HIV drugs may lower COVID risk; COVID and flu co-infection raises risk of severe illness, death
March 28, 2022; 3:25 PM EDT
(Reuters) – The following is a summary of some recent studies on COVID-19. They include research that warrants further study to corroborate the findings and that has yet to be certified by peer review.
HIV drugs may curb COVID-19 risk
Certain drugs used to treat HIV may have a role in preventing SARS-CoV-2 infections, according to preliminary data that may help explain why people living with the condition have not appeared to be at higher risk for serious COVID-19 despite being generally more vulnerable to infections.
COVID-19 and flu make for a dangerous combo
Having COVID-19 and influenza at the same time puts hospitalized adults at much greater risk of critical illness and death compared to having COVID-19 without the flu, researchers reported on Friday in The Lancet.
Patients with SARS-CoV-2/influenza coinfections were more than four times as likely to require machines to help them breath and 2.4 times as likely to die compared to patients who only had COVID-19, according to a study of nearly 7,000 hospitalized patients with COVID-19, including 227 who also had the flu. Dr. Kenneth Baillie of the University of Edinburgh, who led the study, said the combination of the two viruses is particularly dangerous. “We expect that COVID-19 will circulate with flu, increasing the chance of co-infections. That is why we should change our testing strategy for COVID-19 patients in hospital and test for flu much more widely,” Baillie said in a statement.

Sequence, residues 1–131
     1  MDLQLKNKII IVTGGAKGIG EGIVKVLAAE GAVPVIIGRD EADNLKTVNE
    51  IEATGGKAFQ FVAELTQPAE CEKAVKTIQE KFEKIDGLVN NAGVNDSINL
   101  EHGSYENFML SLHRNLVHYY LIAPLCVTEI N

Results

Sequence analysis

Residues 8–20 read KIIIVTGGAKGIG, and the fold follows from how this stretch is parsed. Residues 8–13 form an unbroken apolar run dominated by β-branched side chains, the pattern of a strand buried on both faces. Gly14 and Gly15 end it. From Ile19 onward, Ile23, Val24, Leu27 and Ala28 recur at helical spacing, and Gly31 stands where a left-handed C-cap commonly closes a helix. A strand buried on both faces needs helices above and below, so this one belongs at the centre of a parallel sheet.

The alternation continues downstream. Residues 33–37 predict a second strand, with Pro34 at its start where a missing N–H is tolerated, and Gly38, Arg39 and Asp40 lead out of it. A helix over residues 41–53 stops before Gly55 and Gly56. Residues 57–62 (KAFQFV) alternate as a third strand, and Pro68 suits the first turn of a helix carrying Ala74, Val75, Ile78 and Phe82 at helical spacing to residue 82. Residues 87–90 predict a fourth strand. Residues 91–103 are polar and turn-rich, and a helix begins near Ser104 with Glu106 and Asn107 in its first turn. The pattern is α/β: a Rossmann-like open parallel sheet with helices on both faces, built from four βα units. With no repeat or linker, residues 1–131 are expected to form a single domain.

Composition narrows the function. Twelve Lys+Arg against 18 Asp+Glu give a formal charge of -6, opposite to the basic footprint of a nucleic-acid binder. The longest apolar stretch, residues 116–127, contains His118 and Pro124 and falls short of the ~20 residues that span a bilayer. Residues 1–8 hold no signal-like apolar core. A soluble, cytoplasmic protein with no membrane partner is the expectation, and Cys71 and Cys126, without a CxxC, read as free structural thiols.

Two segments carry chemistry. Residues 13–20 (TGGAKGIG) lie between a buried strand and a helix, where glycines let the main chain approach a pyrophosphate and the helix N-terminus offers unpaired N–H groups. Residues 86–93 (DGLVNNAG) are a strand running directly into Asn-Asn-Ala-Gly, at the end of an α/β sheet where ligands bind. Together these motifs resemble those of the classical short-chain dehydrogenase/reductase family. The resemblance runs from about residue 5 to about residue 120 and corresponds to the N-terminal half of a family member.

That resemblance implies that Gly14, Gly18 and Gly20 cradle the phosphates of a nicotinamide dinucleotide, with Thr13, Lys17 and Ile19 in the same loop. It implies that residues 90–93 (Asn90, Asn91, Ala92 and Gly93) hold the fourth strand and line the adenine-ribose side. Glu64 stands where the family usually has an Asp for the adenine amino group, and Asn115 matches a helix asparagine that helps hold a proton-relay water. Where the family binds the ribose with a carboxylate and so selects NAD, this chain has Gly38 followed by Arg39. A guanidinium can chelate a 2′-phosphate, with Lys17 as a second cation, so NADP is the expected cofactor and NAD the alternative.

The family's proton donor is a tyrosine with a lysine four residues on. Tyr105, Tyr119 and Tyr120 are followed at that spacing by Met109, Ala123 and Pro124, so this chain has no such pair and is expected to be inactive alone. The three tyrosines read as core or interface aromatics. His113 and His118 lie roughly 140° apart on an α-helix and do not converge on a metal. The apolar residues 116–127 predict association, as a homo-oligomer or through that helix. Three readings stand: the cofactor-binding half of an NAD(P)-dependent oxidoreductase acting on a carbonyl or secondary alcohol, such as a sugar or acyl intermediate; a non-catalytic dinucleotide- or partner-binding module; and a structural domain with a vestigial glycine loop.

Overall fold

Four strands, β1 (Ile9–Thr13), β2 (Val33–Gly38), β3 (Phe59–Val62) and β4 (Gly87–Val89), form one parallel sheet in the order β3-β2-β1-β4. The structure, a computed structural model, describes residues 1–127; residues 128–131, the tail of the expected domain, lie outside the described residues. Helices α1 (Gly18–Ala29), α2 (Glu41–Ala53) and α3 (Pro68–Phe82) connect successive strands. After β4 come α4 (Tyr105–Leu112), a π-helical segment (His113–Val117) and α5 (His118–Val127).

“The vaccines that protect against COVID-19 and flu are different,” added Dr. Peter Openshaw of Imperial College London, “and people need both.”
Experimental COVID drug may be preventive and therapeutic
An experimental drug designed to be sprayed into the nose has shown the potential to both prevent infection and treat COVID-19, at least for some variants of the coronavirus, according to a study in mice.
The drug, called N-0385, inhibited entry of the virus into cells in the mice when administered before infection. When given up to 12 hours after infection, it prevented the mice from becoming seriously ill, researchers from Cornell University in Ithaca, New York reported on Monday in Nature. N-0385 is a small molecule that inhibits an enzyme called TMPRSS2. Some variants of the coronavirus – but not Omicron – use TMPRSS2 and the ACE2 protein on cell surfaces to fuse themselves to the cell membrane and inject their genetic material inside. N-0385, which would be given in only a few daily doses, “is simpler and less expensive to mass produce than other types of COVID-19 treatments, such as monoclonal antibodies,” study leader Hector Aguilar-Carreno said in a statement. The current study tested the drug against the original version of the virus and the Delta variant, but not against Omicron.
California-based EBVIA Therapeutics Inc said it is raising funds for human trials, drug development, formulation and mass production of N-0385. If clinical trials confirm its safety and efficacy, giving N-0385 in combination with other antiviral drugs could help reduce the risk of mutations that allow the virus to resist treatment, the research team said.
Click for a Reuters graphic on vaccines in development.
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